Wednesday, October 19


I had to go to the bank, the natural foods store, the unnatural grocery store, and the Post Office today. I may have mentioned it before, but no matter what day or time I do any banking I manage to get in line behind someone who wants to change drachmas to kroner and then into dinars, and someone else who wants to pay his electric bill with a third-party check signed over by a guy who was featured on America's Most Wanted as recently as last Thursday. To top it off, today I got the teller wearing the Trainee hat and she screwed up my simple deposit-cash back transaction so badly they had to reboot the entire system. It probably made the evening financial news. I didn't check.

Didn't matter, nor did the usual crowd of wandering geriatrics at the Post Office, though I'll be damned if I can figure out why the average customer age at that place is always 96 and the average driving speed in the parking lot and surrounding public thoroughfares is 12. It didn't matter because a) it was a beautiful day; b) we're at about 10-15% fall color this late, which is early perfection; and c) there's a notable drop in the number of SUVs on the road. Believe me, you drive a subcompact car, you can report on that accurately.

All I can figure is a lot of people had fuel efficient cars at home but chose to drive those suburban Panzers everywhere until recently for style points.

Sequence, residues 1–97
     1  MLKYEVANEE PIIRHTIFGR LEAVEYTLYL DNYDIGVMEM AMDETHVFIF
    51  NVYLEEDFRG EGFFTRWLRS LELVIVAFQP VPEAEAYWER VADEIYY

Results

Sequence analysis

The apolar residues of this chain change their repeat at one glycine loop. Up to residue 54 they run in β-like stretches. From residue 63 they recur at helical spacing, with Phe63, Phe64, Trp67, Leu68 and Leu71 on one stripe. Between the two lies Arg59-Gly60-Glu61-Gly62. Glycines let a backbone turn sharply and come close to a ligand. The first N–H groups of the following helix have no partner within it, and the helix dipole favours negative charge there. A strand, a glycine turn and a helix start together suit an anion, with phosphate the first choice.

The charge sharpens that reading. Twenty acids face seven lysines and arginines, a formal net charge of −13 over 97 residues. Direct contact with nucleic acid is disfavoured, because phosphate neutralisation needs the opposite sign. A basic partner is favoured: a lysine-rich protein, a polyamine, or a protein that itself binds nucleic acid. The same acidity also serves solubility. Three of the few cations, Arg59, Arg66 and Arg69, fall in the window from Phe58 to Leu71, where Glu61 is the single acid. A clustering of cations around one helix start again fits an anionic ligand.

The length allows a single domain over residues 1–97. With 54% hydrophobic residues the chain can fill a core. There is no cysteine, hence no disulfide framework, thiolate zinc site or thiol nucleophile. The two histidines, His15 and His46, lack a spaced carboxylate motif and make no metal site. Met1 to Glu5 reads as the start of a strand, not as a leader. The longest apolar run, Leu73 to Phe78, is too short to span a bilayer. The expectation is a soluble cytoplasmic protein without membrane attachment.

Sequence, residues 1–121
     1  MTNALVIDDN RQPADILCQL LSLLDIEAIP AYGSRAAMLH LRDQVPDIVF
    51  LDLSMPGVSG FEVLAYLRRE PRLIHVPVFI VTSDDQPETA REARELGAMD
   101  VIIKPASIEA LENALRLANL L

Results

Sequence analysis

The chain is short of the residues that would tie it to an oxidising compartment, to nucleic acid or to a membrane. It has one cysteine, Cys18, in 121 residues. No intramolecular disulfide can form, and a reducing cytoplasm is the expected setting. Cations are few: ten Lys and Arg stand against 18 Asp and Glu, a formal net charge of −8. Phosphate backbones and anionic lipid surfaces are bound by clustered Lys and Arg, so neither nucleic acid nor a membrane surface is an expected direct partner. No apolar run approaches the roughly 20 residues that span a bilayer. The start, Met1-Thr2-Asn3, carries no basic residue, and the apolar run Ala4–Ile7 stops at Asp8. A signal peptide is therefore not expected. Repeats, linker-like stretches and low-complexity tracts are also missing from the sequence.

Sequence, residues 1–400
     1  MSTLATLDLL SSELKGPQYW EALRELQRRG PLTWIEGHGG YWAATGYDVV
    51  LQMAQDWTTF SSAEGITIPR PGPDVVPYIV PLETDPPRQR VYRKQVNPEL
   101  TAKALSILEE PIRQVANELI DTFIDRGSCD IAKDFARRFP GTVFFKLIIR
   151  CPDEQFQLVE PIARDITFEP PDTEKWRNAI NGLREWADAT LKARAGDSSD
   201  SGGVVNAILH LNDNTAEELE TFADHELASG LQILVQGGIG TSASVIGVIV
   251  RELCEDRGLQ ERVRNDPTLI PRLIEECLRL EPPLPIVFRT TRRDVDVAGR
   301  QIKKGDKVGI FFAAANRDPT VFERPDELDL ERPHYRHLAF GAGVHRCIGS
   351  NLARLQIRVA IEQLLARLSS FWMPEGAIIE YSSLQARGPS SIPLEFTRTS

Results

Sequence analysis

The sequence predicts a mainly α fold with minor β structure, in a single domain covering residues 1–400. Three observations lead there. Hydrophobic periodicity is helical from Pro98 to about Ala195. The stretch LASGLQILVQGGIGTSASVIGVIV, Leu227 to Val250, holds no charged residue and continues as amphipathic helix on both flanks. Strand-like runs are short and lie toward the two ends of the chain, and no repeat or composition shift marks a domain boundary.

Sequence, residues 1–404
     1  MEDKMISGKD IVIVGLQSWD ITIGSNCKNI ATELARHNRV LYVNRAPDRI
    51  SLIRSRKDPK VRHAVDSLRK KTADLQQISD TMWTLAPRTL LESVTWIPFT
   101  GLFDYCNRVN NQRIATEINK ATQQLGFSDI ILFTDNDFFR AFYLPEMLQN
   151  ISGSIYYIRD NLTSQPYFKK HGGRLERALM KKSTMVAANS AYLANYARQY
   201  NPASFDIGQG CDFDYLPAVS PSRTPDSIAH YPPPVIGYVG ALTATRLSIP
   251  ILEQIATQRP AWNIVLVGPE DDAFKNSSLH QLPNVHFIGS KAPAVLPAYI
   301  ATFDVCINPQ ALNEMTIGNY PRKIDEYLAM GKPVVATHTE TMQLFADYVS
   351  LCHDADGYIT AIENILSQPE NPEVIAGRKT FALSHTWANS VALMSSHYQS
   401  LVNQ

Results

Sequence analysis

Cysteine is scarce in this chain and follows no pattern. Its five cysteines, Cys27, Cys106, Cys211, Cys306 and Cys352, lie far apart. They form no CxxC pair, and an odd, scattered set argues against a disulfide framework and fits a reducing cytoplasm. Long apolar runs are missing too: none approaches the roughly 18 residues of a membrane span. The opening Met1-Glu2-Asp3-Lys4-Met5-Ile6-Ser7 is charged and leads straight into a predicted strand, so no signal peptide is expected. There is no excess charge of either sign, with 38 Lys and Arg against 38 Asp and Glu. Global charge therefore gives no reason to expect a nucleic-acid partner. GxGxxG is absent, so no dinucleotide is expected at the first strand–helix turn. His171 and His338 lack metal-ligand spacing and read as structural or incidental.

And the color, well, the big destination in Indiana for ooh-ing and ah-ing from the comfort of your own speeding vehicle is Brown County, which is about an hour or so south of here and a week or so later, color-wise, most years. Me, I'll head west to Shades and climb the ridge to look out over Sugar Creek if I need the full stereophonic experience, but a trip down the block to the church complex that still has the old farm field tree line around it is all the fix I need. One tree, or five, can be as stunning as two hundred.

1 comment:

Mrs. Tarquin Biscuitbarrel said...

Doghouse, you're right about the "one tree" matter. I've lived in the same house for nearly twenty years, and I now know which trees in my neighborhood turn color earlier than the rest. I look forward to it. As I come over the hill from Wisconsin Avenue now, there's a maple tree that's Day-Glo orange.

Even if I don't have the opportunity to go leaf-peeping the country, there are plenty of trees right here in town to admire.

After more than two decades in the East, fall foliage is still a big treat for me. I grew up in southern California, reading in MAD magazine about exotic-sounding things like thunderstorms, autumn leaves, and cracking the ice on puddles.